Gazmin scolded over ‘minor role’
“Why was the Defense Secretary relegated to a support position when he was supposed to be in command?” asked Enrile when he made his interpellation on the proposed P82.245 billion of the Department of National Defense.
He recalled that during his time as defense chief, once the weather bureau had ascertained that there was a typhoon passing through a specific area, they immediately informed the military which, in turn, gathered its resources to assist the populace, including delivering the necessary equipment to secure the safety of the people.
“I’m sure they [weather bureau] have done that. That is why I’m wondering why people were complaining that there was no communication,” Enrile said.
He said the military should have also immediately assisted the police in keeping peace and order in typhoon-hit areas.
Interviewed later after the hearing, Gazmin told reporters a military platoon was deployed in Tacloban City, but only for disaster response.
“The answer there is that we have only one military platoon in Tacloban City to respond to calamities, even way before Tacloban was declared insurgency-free. It was under the police. Since this (the looting) is a police matter, the police should be there. We have soldiers but they were few,” Gazmin explained.
Senator Loren Legarda, who was defending the budget of the DND, said the police was already in charge of the Tacloban City after it was declared insurgency-free even before it was flattened by typhoon Yolanda.
But Enrile said the police cannot be expected to operate in a calamity because their families were also affected by the typhoon.
“That is why we have military manpower. That’s the reason why we organized the national disaster control system. The military is always the one in command,” Enrile insisted.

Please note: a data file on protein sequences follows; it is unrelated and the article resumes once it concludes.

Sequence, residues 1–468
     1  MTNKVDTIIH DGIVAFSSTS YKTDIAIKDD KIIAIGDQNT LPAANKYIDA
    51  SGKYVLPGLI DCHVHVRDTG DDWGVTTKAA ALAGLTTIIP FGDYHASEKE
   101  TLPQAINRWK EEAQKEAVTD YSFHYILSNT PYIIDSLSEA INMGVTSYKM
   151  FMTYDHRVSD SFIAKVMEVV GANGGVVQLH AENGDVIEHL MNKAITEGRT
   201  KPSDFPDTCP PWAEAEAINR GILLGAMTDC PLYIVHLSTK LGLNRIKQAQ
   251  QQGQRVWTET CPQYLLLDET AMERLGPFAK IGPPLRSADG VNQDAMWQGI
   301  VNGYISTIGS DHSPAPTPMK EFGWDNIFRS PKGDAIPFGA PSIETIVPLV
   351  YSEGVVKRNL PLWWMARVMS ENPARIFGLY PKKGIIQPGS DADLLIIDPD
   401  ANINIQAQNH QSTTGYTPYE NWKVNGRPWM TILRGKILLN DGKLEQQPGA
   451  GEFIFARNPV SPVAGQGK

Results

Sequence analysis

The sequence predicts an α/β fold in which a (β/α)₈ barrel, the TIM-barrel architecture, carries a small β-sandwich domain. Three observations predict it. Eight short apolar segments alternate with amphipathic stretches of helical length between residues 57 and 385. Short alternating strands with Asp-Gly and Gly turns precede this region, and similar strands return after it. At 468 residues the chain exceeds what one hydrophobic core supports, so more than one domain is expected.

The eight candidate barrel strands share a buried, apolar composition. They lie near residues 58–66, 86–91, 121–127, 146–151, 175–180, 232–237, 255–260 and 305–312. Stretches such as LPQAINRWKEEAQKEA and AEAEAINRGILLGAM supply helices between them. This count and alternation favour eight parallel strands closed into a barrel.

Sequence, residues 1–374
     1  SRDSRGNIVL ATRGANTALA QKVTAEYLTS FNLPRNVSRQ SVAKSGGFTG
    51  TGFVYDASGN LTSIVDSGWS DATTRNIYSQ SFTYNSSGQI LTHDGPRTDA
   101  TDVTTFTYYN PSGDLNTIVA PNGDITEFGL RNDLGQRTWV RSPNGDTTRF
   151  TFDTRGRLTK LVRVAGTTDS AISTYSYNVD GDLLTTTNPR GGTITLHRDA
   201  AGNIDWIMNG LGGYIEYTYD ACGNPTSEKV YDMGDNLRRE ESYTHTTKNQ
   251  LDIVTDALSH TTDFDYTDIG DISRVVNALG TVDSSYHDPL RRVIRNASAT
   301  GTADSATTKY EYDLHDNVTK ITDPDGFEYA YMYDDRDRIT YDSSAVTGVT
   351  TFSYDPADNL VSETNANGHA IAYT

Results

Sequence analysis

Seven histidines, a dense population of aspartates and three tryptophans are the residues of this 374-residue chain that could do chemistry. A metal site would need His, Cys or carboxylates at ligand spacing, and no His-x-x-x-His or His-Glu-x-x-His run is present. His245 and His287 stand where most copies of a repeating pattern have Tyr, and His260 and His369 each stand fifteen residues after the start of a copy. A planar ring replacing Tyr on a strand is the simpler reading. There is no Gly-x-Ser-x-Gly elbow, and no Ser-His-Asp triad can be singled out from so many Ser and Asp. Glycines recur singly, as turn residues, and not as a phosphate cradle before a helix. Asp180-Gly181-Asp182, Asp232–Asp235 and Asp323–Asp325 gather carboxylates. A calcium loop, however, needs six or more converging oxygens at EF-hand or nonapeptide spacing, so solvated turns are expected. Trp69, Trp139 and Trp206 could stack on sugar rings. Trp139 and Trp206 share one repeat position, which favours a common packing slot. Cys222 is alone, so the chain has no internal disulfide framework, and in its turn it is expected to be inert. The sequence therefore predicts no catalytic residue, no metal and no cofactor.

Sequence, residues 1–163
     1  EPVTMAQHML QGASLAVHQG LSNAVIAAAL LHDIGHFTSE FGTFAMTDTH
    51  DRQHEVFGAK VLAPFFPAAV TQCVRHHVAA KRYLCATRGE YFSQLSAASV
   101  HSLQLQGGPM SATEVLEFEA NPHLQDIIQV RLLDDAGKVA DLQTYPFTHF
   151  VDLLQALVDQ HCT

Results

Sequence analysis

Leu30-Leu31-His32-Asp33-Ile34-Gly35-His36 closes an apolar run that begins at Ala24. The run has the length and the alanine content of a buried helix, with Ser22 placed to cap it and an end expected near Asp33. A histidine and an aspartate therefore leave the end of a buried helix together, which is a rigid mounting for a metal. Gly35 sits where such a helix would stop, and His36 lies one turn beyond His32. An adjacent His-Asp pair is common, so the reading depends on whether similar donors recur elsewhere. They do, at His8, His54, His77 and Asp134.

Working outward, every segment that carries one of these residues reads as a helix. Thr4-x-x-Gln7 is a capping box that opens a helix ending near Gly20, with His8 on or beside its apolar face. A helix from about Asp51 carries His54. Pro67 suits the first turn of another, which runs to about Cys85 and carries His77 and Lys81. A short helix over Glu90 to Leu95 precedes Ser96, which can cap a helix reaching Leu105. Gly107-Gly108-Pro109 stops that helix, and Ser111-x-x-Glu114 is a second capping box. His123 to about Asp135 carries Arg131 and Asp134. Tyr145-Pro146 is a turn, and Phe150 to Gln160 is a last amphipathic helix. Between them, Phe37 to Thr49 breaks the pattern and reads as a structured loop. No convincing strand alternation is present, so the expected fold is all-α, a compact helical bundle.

He also questioned the failure of the military to stop the looting in areas ravaged by Yolanda.
“Why was it that the troops were not able to stop the looting? I was wondering why there were reports that there is no communication. I know that the Secretary of Defense can communicate with any unit of the military anywhere in the country anytime, including the commander-in-chief,” he said.
He said the President was supposed to be able to communicate with all the (military) units all over the country.
“Don’t you have a separate communication backbone for the Armed Forces of the Philippines? How come there were complaints about the lack of communication with the units on the field when we were supposed to have a separate military communication backbone precisely to secure and ensure the safety and security of this country,” Enrile said.
Legarda again took the cudgels for the DND and insisted there was no lapse in so far as radio communications was concerned. She said the cell sites were down, but the military communications had been operational as early as Friday when Yolanda made its first landfall.
Legarda said that according to the DND, there was communication with the President.
“There was no lapse in communication using military equipment but the cell sites were down. That’s a different matter,” she said.
“So the communications of the military was also dead?” Enrile asked.
“It was not dead. In fact, it was operational. They did not bog down according to the DND and it was working during the typhoon,” said Legarda, adding that the military knew what was happening when Yolanda was battering the Visayan region.
She also denied reports that military soldiers were not visible in the communities ravaged by Yolanda.
“The first relief goods were brought in by the military. We understand that with the sheer destructive strength of Yolanda, It was really difficult to really have a zero casualty,” Legarda said.
Another opposition member, Senator Nancy Binay, questioned the military’s capability to respond to disasters in terms of equipment, and if the DND has enough satellite phones.
Later, it was learned that the National Disaster Risk Reduction and Management Council did not even have its own satellite phones.
“Apparently, we got too dependent on communication provided by the telcos. We need more satellite phones,” Binay said.